Monthly Archives: July 2020

One More Turn

The first time I played Civilization V on my computer I ended up pulling an all-nighter. While in college. When I didn’t have homework. It was not the best of life choices.

But it was a lot of fun.

I dug into Civilization VI last night, not heeding the various other games I’ve been meaning to play, and very nearly stayed up all night again, but, as I have grown as a person, I did not. Game’s a lotta fun though.

Through it all, though, I kept telling myself “just one more turn,” which is the mantra of all who have fallen prey to Civilization’s siren song. Naturally, I found myself asking why.

The central tenet of Civilization is this: You have a civilization (based on real ones in history, like the Kongo, Sumerians, and French), and, starting from the Ancient Era, you slowly build it into a magnificent empire. You can befriend or betray rival factions, build up your cities, and try for one of a few different forms of victory (domination, cultural, science, or religious). Naturally, your plans will have plans if you want to be able to succeed; ensuring a science victory may require some mild warmongering along the way.

All of this takes time. It takes turns to produce builders or soldiers, turns to produce wonders of the world, and turns to improve your cities. More likely than not, you’re gonna have several balls in the air, with ships being built at Uruk while the Colossus is under construction at Bergen; all while you wait for your missionaries to start exerting some influence on the city-state of Valetta. What this means in practice, is that one turn you’ll finish a project, start a new one, and two turns later the next one will come to fruition.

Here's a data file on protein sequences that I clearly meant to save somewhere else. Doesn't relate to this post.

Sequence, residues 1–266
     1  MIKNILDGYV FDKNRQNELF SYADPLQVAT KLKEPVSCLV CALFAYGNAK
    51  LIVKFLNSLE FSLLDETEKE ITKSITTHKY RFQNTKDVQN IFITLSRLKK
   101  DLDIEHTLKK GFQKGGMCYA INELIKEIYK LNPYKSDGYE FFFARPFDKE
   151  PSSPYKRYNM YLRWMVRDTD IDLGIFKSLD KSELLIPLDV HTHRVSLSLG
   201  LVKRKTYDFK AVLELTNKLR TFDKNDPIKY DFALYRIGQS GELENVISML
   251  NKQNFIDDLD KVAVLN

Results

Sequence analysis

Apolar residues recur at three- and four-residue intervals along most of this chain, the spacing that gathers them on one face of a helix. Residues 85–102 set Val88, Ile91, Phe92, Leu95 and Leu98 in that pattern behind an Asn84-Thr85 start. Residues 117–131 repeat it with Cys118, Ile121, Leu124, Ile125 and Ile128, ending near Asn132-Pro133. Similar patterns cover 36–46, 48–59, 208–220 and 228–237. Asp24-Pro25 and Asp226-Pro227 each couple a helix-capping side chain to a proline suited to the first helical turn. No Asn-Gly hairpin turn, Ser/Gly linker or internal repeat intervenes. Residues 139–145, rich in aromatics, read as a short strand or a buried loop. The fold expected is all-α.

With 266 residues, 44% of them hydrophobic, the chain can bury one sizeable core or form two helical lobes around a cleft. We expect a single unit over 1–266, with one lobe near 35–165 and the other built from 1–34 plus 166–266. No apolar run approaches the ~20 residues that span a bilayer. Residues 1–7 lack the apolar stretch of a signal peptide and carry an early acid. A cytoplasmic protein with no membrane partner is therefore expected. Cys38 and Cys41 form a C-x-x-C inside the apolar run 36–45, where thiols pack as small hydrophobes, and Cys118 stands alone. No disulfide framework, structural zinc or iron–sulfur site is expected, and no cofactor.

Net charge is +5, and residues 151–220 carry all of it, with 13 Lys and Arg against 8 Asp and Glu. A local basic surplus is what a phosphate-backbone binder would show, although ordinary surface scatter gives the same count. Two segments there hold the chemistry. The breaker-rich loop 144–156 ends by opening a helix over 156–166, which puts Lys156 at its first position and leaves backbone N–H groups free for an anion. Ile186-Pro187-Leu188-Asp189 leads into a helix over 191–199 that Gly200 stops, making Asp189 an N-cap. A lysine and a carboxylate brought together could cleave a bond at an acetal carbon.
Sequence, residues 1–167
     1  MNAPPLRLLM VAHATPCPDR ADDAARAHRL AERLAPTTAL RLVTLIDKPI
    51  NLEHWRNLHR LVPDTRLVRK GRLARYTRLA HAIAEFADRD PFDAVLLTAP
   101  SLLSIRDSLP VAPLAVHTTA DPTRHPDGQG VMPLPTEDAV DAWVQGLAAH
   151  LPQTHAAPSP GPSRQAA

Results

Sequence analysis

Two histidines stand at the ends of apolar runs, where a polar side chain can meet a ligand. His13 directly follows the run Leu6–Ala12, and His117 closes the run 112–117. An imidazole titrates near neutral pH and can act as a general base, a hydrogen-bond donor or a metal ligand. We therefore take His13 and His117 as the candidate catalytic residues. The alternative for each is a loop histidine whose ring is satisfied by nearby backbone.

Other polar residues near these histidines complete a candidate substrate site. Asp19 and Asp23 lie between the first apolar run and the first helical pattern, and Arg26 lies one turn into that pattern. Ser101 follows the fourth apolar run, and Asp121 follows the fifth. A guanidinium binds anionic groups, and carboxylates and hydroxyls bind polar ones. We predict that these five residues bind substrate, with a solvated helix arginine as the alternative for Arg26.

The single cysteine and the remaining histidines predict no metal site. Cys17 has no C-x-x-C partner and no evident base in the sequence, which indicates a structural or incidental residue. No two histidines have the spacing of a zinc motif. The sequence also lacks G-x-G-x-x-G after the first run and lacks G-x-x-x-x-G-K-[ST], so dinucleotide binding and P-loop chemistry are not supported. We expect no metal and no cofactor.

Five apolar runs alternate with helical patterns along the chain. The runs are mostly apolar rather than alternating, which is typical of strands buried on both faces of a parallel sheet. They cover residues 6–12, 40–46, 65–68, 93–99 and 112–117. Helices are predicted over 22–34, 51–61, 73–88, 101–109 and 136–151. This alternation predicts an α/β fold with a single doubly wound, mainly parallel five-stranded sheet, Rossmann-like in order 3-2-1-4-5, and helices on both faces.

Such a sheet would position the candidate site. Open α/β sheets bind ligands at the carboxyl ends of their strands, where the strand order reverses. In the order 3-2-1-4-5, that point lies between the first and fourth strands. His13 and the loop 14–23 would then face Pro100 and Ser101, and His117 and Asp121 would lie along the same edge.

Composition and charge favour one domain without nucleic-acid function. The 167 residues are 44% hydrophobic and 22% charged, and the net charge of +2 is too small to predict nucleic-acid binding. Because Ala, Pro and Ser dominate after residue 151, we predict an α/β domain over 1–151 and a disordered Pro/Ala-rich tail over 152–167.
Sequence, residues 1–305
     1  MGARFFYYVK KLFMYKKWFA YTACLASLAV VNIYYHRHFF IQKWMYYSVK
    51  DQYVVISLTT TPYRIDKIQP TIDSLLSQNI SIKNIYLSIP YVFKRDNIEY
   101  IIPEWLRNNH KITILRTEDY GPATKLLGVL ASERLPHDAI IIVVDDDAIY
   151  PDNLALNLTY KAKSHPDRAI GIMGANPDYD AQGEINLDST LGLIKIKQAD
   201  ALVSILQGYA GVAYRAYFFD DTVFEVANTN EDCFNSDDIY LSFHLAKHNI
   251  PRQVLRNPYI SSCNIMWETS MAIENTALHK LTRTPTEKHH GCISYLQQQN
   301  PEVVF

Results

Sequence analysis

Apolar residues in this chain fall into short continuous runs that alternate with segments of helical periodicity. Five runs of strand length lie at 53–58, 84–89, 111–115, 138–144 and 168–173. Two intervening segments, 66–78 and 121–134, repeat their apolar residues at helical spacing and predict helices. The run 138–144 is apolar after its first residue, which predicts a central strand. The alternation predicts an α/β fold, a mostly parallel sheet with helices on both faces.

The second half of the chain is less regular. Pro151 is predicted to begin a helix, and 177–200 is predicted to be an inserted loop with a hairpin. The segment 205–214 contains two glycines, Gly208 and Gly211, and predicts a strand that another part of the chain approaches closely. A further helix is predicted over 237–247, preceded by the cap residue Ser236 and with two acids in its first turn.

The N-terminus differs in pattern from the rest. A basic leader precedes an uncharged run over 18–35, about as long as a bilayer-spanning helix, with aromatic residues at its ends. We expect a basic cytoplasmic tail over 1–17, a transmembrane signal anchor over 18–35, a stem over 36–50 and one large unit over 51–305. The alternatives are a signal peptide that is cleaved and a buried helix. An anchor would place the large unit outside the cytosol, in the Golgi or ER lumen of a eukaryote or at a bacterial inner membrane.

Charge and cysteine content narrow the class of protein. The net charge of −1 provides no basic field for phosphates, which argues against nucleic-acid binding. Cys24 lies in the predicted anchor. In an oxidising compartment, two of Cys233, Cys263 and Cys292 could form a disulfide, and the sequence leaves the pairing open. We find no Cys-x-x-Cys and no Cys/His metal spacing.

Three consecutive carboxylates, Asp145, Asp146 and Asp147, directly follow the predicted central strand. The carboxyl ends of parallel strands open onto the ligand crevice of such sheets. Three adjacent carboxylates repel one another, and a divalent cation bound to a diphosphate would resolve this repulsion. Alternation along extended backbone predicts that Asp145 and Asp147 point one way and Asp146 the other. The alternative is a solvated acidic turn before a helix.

Just gotta hang on for one more turn.

The particular genius of this is that your plan keeps changing, depending on how things work, and you want to keep that Plan going. Interrupting it would be such a shame.

Unlike many other games, there’s not much in the way of natural stopping points. There are no big boss fights or chapter ends, just a long steady slog towards victory, which in this game can easily take hundreds upon hundreds of turns. Stopping the game means interrupting, more so than in The Sims where the lack of goal allows for a more freeform style. In Civ there is a goal to all that you do, and you’re working towards it at all times. You don’t want to lose track of where you are on in your machinations. There’s also the sunk-cost fallacy, where I’ve already spent as long as I have working towards my goal, might as well stick it out to see where it goes.